As a person who’s just learning to knit, I find Lion Brand’s Learning Center to be very useful because of the step-by-step-videos that I can rewind as many times as I need to get a stitch right. In addition to the Learning Center, the Lion Brand® blog is another great resource for tips and little-known tricks to make knitting even more enjoyable.
Whether you’re just learning to knit or would like to try a different method of casting on, check out these great posts:
The Flattering Cowl is a popular pattern that’s easy to make, and super snuggly because it’s made with Lion Brand’s plush Homespun® Thick & Quick® yarn. It’s definitely a gratifying project because it works up quickly; you can easily finish this cowl in one day.
You’ll love the feel of Homespun® Thick & Quick® as it keeps you nice and toasty in this super bulky cowl. Watch the video below for a tutorial that’s great for beginners. Vanessa, from the Crafty Gemini, shares tips and tricks for working on this cowl, and offers advice for creating different variations. Enjoy!
:: can’t see the video above? click here: http://youtu.be/lsuM-bx7f6o ::
Thanks to our friends over at Storey Publishing, we’re sharing a handy excerpt from Dora Ohrenstein’s latest book, The Crocheter’s Skill-Building Workshop (The Essential Techniques for Becoming a More Versatile, Adventurous Crocheter).
Dora’s latest book features numerous tips on gauge, crochet shaping and construction, colorwork and more – so we suggest that you go ahead and check out the book in its entirety, you’ll be glad you did.
In the meantime, have a look at the excellent excerpt below. Coupled with instructional photos, you’ll quickly and easily learn two different methods for starting a crochet circle – a ring with chains and the magic circle.
Try them out to see which method you like best!
Starting the Circle
There are several different ways to begin working in the round. You can make several chains (the most common method), make an adjustable ring, or use the first chain as a ring. Let’s look at the first two.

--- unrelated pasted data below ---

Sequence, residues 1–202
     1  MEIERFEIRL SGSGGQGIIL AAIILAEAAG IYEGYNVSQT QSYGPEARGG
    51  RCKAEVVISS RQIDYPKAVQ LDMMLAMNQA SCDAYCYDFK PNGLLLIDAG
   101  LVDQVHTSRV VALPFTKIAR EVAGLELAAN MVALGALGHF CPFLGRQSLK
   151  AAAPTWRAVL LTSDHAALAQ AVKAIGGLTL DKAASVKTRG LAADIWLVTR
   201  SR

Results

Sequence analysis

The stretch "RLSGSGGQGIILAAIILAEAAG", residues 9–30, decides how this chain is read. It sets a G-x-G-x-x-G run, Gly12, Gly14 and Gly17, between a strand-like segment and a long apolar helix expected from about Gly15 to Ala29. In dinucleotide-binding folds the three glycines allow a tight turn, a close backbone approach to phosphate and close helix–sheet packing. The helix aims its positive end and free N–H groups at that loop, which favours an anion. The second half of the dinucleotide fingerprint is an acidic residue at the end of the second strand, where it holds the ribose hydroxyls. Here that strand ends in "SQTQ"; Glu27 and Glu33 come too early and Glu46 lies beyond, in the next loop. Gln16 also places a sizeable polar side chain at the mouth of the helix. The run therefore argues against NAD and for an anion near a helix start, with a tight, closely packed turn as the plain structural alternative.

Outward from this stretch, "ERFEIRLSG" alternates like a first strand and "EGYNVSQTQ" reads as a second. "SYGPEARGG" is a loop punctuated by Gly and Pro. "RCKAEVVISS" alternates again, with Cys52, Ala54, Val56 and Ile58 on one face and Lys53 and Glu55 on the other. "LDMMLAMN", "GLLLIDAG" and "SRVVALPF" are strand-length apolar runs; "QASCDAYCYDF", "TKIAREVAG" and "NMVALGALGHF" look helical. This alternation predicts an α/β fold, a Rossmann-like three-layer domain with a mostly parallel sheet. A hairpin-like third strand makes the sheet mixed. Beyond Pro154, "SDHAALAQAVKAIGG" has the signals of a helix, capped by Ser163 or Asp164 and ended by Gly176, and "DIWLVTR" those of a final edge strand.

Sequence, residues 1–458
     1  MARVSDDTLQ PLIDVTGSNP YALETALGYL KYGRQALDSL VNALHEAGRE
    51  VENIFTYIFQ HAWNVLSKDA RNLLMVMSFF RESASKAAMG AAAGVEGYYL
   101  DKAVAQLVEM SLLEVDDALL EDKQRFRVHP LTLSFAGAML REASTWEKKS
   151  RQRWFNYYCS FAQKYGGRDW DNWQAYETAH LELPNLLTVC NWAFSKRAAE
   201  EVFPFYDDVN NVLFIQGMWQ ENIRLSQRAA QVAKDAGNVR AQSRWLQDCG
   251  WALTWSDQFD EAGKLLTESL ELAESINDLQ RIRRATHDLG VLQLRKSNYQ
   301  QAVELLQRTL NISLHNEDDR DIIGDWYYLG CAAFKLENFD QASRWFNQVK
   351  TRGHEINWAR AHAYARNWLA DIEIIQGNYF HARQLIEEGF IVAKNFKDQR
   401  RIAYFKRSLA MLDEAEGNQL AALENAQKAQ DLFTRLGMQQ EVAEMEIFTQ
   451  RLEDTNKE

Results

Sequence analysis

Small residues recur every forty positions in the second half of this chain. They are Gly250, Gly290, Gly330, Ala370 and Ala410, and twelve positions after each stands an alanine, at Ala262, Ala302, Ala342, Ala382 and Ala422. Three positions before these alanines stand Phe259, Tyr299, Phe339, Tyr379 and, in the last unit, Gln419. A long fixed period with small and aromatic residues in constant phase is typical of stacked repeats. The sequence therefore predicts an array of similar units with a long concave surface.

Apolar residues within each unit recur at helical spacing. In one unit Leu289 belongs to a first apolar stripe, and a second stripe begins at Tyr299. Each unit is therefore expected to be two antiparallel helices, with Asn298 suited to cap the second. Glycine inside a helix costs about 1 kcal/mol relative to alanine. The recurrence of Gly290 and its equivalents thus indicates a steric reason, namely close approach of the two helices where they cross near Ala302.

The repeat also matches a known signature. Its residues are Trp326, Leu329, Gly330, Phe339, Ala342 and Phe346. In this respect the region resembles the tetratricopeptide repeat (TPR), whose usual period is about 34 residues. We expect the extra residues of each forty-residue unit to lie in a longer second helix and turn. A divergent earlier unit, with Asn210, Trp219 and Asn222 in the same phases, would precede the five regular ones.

Make a Ring with Chains
To make a ring with chains, work several chains, then slip stitch in the first chain to form a ring. The number of chains is determined by how many stitches you intend to work into the ring and how tightly you want the ring to close. If you are following a pattern, the number of chains will be specified. Supposing, however, that you are working a hat pattern, and after working the specified number of chains and stitches in the first round, you find you have a larger hole at the center than you’d like. Go ahead and try again with fewer chains: it will cause no harm whatsoever. For other items worked in the round, such as motifs and flowers, the size of the “hole” at the center can make a difference, as it affects the overall size of the finished piece. In these instances, it’s wise to stick with the instructions as written.
“A shawl is like a warm hug.”
Giving a prayer shawl to a friend or family member going through a difficult time is an appropriate gesture when there isn’t anything you can do to make their situation better. A handmade knit or crochet gift can offer comfort beyond words and the process can often have the power to heal one’s self too.
Over the years we’ve collected wisdom and insights from our favorite writers on making and giving prayer shawls (sometimes also known as comfort or healing shawls). These four articles below capture the essence of the prayer shawl and offer ten great tips – from patterns to process to the philosophy behind them – this collection is a great starting point for anyone who’d like to learn more about making prayer shawls:
How have prayer shawls helped you? Share in the comments below!
So you’ve finished a project and are ready to a start new one – congratulations!
Whether you plan to knit a hat or crochet your first vest or tackle a new stitch, there are a few things you can think about before you pick up a hook or needle.
A great place to get started is reading Lion Brand’s nine-part series Cracking the (Pattern) Code. You’ll learn about choosing the right yarns and tools, how to check your gauge, how to read patterns and more.
From there, you may want to continue on to more advanced topics and helpful tips like the ones below:
Are there any pre-planning ideas you recommend before starting a project? Share with us below!
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